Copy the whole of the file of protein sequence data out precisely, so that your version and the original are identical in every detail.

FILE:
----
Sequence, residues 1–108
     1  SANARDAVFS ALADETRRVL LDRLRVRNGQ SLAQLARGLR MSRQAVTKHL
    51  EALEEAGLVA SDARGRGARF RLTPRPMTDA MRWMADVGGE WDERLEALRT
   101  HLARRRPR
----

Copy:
Sequence, residues 1–108
     1  SANARDAVFS ALADETRRVL LDRLRVRNGQ SLAQLARGLR MSRQAVTKHL
    51  EALEEAGLVA SDARGRGARF RLTPRPMTDA MRWMADVGGE WDERLEALRT
   101  HLARRRPR